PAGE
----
Early morning sunlight pours in through skylights. It feels “fresh”. Scattered around the room, like seeds or stars, are ten basins; all the same shape, just over knee height, and filled to their very brim with liquid. The upper surface glints with sun—you fix on it as you walk closer, looking for any tremble to show you that it is actually water. But step by step it stays placid, until, standing directly over it, you are looking right through.
They are solid cast glass, a technique reminiscent of le Corbusier’s béton brut where wooden planks used to form a wall leave their impression in poured concrete. I’ve always thought about this as a kind of fossilized touching. Horn’s objects seem like the slats of a barrel were filled with molten glass then pulled away, leaving the sides slightly rough, almost frosted; they curve in a bit at the top, enclosing an interior. The upper surface remains an untouched field. Horn describes this as an “oculus” which brings to mind the pantheon. Like the pantheon each wants to contain its own cosmology.
There are ten of these all being themselves, almost identical in form but each a slightly different shade of green. Not emerald-grass greens but pale greens: olives and peridots and chartreuses. Each color feels full of itself, nuanced and varied; they show you how generally useless a word like “green” is. The colored glass is so transparent it is almost opaque. Glass is a sensual material like rock candy. It readily slides into metaphorical associations, becoming water and ice, but, like the physics of the glass itself, it never solidifies into one thing. They offer the experience of a relentlessly ambiguous and utterly specific object—densities that show a continuity between inside and outside, heavy but fragile. Metaphors hover but never land for long.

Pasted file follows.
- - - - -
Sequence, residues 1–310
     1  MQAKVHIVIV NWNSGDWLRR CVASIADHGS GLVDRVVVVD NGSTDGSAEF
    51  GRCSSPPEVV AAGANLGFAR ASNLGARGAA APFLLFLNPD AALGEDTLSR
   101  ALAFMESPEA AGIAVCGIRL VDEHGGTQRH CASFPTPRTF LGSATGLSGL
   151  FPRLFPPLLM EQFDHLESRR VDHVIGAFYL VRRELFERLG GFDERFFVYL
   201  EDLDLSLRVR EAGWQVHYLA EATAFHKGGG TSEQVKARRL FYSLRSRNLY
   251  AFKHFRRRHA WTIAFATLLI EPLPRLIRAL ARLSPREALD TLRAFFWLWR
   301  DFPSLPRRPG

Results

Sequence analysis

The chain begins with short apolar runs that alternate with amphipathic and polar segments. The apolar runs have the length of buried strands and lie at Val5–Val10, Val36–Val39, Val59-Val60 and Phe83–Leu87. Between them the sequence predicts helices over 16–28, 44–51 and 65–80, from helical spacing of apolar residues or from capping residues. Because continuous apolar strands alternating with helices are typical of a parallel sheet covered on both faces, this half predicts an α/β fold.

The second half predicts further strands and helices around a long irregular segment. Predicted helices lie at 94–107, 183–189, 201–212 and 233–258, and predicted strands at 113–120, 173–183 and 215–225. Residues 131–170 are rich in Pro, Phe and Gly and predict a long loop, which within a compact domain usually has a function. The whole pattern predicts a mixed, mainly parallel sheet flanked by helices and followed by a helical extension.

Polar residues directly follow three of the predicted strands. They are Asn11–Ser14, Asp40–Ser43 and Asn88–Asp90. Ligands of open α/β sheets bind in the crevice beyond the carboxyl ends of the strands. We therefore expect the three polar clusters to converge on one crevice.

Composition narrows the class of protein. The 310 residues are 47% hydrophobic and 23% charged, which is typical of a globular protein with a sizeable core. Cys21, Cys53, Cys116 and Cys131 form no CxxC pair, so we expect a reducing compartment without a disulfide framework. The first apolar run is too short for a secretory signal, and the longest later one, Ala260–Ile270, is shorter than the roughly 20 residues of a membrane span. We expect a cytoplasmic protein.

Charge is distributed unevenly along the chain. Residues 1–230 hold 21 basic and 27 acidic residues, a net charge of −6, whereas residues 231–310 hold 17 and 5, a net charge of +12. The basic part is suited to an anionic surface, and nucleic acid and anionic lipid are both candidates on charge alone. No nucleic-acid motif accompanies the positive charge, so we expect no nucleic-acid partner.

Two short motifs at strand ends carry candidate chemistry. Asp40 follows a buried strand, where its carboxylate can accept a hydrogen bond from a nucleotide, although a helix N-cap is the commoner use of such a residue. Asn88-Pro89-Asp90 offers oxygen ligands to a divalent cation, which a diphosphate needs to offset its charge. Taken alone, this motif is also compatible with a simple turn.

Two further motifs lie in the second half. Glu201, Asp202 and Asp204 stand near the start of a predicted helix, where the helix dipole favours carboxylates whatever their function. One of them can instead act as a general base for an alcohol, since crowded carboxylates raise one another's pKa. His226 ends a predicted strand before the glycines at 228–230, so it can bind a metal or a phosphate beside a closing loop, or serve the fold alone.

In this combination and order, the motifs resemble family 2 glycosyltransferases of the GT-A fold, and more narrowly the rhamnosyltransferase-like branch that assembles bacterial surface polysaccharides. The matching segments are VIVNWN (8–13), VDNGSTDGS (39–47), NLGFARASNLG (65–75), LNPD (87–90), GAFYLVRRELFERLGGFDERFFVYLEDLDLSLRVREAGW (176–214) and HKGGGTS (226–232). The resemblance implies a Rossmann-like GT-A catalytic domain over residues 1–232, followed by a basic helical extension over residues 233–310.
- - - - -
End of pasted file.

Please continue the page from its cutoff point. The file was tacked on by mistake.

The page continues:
This sculpture has a long title: “My name is Mary Katherine Blackwood. I am eighteen years old, and I live with my sister Constance. I have often thought that with any luck at all I could have been born a werewolf, because the two middle fingers on both my hands are the same length, but I have had to be content with what I had. I dislike washing myself, and dogs, and noise. I like my sister Constance, and Richard Plantagenet, and Amanita phalloides, the deathcup mushroom. Everyone else in my family is dead.” (2013
“Everything was sleeping as if the universe were a mistake” is on view through January 11th, 2014.
For more information visit Hauser & Wirth, New York.
-Contributed by Jarrett Earnest